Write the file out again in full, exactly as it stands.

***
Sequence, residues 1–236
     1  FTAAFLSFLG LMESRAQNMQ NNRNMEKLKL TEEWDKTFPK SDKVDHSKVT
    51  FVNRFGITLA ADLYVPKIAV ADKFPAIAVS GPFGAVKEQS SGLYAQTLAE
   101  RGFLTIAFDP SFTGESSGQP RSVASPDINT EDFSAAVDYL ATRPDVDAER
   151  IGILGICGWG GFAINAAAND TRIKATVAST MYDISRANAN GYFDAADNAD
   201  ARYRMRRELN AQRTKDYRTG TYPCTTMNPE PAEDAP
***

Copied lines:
Sequence, residues 1–236
     1  FTAAFLSFLG LMESRAQNMQ NNRNMEKLKL TEEWDKTFPK SDKVDHSKVT
    51  FVNRFGITLA ADLYVPKIAV ADKFPAIAVS GPFGAVKEQS SGLYAQTLAE
   101  RGFLTIAFDP SFTGESSGQP RSVASPDINT EDFSAAVDYL ATRPDVDAER
   151  IGILGICGWG GFAINAAAND TRIKATVAST MYDISRANAN GYFDAADNAD
   201  ARYRMRRELN AQRTKDYRTG TYPCTTMNPE PAEDAP